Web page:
Metformin for the Treatment of Endometrial Hyperplasia
The purpose of this study is to see if metformin will be effective in making endometrial hyperplasia without atypia better by returning the tissue to a normal state.
Endometrial Hyperplasia Without Atypia
|Study Design:||Endpoint Classification: Safety/Efficacy Study
Intervention Model: Single Group Assignment
Masking: Open Label
Primary Purpose: Treatment
|Official Title:||Metformin for the Treatment of Endometrial Hyperplasia|
- Response Rate [ Time Frame: 12 weeks ] [ Designated as safety issue: No ]Evaluation of hyperplasia resolution by comparison of pre- and post-treatment endometrial biopsies.
- Toxicity evaluation [ Time Frame: 12 weeks ] [ Designated as safety issue: Yes ]Number of subjects who experience side effects
- Patient Compliance [ Time Frame: 12 weeks ] [ Designated as safety issue: No ]Percentage of patients successfully completing metformin therapy.
- Potential molecular markers in response to treatment with Metformin [ Time Frame: 12 weeks ] [ Designated as safety issue: No ]Compare changes in potential biomarkers, including metabolic factors and molecular markers of downstream targets of the metformin/mTOR signaling pathway, before and after metformin treatment.
|Study Start Date:||September 2012|
|Estimated Study Completion Date:||December 2014|
|Estimated Primary Completion Date:||December 2014 (Final data collection date for primary outcome measure)|
Metformin once daily for 4 weeks (weeks 1-4) and then twice daily for 8 weeks (weeks 5-12).
850 mg of metformin taken once daily by mouth for 4 weeks (weeks 1-4) and then twice daily by mouth for 8 weeks (weeks 5-12).
This is a multi-institutional pilot clinical trial designed to estimate the response rate and safety of metformin for the treatment of simple and complex endometrial hyperplasia (EH) without atypia. Enrollment of patients will occur at UNC-Chapel Hill and Southern Pines Women's Health Center. Fifteen patients will be enrolled over the course of 1 year. Metformin will be initiated at 850 mg orally once daily, and titrated up to twice daily over a minimum of 1 months time. Treatment will last 12 weeks and then patients will undergo repeat endometrial biopsy to assess for regression or persistence of EH.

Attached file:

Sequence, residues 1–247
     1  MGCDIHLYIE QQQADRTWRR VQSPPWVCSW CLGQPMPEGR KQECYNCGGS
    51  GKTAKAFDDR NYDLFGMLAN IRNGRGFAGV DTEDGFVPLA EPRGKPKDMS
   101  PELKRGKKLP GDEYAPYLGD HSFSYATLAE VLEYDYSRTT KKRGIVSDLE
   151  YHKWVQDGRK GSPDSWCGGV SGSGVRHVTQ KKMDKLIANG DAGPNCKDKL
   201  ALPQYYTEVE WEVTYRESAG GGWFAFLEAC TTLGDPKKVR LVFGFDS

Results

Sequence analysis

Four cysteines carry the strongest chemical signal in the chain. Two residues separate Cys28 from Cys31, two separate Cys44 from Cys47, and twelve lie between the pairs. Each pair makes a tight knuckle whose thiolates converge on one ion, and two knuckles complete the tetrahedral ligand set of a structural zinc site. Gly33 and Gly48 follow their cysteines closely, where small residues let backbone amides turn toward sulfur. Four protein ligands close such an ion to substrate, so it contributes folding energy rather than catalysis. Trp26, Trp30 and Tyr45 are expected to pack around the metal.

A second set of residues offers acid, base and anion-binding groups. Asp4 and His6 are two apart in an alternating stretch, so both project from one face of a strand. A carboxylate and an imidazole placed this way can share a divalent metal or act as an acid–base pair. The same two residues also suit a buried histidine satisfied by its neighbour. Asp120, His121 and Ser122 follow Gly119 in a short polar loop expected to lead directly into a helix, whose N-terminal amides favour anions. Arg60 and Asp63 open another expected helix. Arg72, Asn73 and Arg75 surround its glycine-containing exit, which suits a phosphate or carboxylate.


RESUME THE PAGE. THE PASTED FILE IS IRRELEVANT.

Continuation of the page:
|Contact: Mark Bozymskifirstname.lastname@example.org|
|Contact: Donna Rowe, RNemail@example.com|
|United States, North Carolina|
|The University of North Carolina at Chapel Hill||Recruiting|
|Chapel Hill, North Carolina, United States, 27599|
|Contact: Mark Bozymski 919-966-4432 firstname.lastname@example.org|
|Principal Investigator: Victoria Bae-Jump|
|Sub-Investigator: Emily Ko, MD|
|Southern Pines Women's Health Center||Recruiting|
|Southern Pines, North Carolina, United States, 28388|
|Principal Investigator: John Byron, MD|
|United States, Pennsylvania|
|University of Pennsylvania||Recruiting|
|Philadelphia, Pennsylvania, United States, 19107|
|Principal Investigator: Emily Ko, MD, MSCR|
|Principal Investigator:||Victoria Bae-Jump, MD, PhD||University of North Carolina, Chapel Hill|